Derailed Train Kills Three In Washington

 Derailed Train Kills Three In Washington

The train that careened off a bridge outside Tacoma, Washington, killing three people was traveling at 80 mph on a 30-mph stretch of track, federal investigators confirmed late Monday.

During a late-night briefing with reporters, NTSB board member Bella Dinh-Zarr added that Train 501 of Amtrak’s Cascades service from Seattle headed south to Portland, Oregon, was carrying 80 passengers, three crew and two service personnel.

She said it was “too early to tell” why the train was travelling at 80 mph.

“We were glad that we were able to get the data from the event data recorder from the rear locomotive,” she said at the briefing. “The front locomotive as you can imagine is a bit more difficult to access.”

The train was made up of 12 cars and two locomotives — one at the front and one at the back, Dinh-Zarr said.

Only one locomotive remained on the tracks after the crash, Washington State Patrol said. The Washington Department of Ecology is evaluating a 350 gallon fuel spill that came from the power car, police added.

Washington State Police spokesman Dan Hall earlier said that 72 people were taken to hospitals after the 7:33 a.m. PT crash following the opening of a highly touted new rail link. Five cars and a pair of trucks were involved in the highway pileup, but no motorists were killed, officials said.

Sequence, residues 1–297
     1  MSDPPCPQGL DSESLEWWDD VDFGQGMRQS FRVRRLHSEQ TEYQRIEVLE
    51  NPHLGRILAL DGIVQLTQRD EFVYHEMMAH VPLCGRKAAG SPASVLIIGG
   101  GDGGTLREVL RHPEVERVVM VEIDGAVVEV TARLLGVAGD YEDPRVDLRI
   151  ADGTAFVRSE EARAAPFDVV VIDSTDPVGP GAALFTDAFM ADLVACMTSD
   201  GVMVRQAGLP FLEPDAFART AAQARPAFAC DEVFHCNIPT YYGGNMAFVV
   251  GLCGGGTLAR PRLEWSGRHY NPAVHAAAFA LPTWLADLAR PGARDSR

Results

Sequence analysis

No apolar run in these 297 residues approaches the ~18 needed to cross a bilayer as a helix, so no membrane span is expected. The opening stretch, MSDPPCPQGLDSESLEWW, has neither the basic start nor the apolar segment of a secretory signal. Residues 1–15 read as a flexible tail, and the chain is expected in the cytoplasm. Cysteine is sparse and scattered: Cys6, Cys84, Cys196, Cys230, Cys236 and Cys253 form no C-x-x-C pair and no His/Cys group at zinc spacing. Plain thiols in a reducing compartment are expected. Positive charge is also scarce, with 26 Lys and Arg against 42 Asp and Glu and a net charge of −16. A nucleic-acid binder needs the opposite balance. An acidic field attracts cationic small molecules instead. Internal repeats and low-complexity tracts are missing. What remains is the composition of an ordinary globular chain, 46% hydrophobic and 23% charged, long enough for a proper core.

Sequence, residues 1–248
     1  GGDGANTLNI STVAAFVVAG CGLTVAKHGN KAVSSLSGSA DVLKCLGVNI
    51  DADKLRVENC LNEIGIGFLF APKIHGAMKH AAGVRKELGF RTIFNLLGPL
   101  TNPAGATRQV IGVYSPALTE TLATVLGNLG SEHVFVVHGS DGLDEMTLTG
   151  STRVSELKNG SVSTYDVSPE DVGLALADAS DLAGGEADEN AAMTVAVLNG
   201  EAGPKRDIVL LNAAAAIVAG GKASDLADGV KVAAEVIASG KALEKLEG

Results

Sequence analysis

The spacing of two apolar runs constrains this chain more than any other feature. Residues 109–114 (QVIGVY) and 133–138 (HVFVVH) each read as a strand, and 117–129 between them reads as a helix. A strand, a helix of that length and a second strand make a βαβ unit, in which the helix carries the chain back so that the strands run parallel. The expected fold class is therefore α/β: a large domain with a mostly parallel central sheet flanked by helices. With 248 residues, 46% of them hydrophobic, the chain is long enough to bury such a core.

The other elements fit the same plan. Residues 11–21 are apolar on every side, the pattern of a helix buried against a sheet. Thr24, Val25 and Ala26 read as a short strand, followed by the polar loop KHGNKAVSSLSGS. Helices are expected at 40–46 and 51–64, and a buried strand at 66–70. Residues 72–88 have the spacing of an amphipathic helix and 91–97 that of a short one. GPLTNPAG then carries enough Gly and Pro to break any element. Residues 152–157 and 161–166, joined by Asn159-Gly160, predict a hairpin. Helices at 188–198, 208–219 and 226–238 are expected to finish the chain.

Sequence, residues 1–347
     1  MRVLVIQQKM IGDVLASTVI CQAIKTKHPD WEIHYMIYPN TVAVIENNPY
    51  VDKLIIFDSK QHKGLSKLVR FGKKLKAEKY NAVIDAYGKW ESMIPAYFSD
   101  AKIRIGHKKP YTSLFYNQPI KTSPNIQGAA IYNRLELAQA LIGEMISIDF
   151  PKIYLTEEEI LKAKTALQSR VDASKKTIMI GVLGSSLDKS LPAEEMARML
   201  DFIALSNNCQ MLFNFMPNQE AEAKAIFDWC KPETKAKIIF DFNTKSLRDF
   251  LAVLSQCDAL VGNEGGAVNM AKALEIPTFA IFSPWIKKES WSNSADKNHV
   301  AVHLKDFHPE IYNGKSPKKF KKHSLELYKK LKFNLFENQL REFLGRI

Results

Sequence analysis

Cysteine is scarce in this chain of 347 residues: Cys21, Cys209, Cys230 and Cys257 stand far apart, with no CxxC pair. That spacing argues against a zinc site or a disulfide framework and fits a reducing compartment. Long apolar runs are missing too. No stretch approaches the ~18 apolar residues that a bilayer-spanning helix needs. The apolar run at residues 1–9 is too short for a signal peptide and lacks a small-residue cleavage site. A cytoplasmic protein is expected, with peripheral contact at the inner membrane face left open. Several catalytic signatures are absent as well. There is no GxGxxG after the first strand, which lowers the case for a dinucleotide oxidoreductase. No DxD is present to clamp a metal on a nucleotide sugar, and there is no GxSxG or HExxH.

It was unclear if the dead were passengers or crew. Hall said that 10 of the wounded remained in serious condition and one was medevacked to a trauma center at Harborview Medical Center in Seattle, roughly 50 miles away.

In a statement, Amtrak said it was “deeply saddened by the loss of life and injuries” and working closely with victims and their families.

“There is a thorough investigation underway to determine what happened,” the statement said. “The investigation will be conducted by [the National Transportation Safety Board], and we will cooperate fully with all authorities. At this time, we will not speculate about the cause, and we encourage others not to speculate as well.”

Earlier, an Amtrak official said the train was not using a technology called positive train control, which can prevent derailments caused by excessive speed. (NBC)

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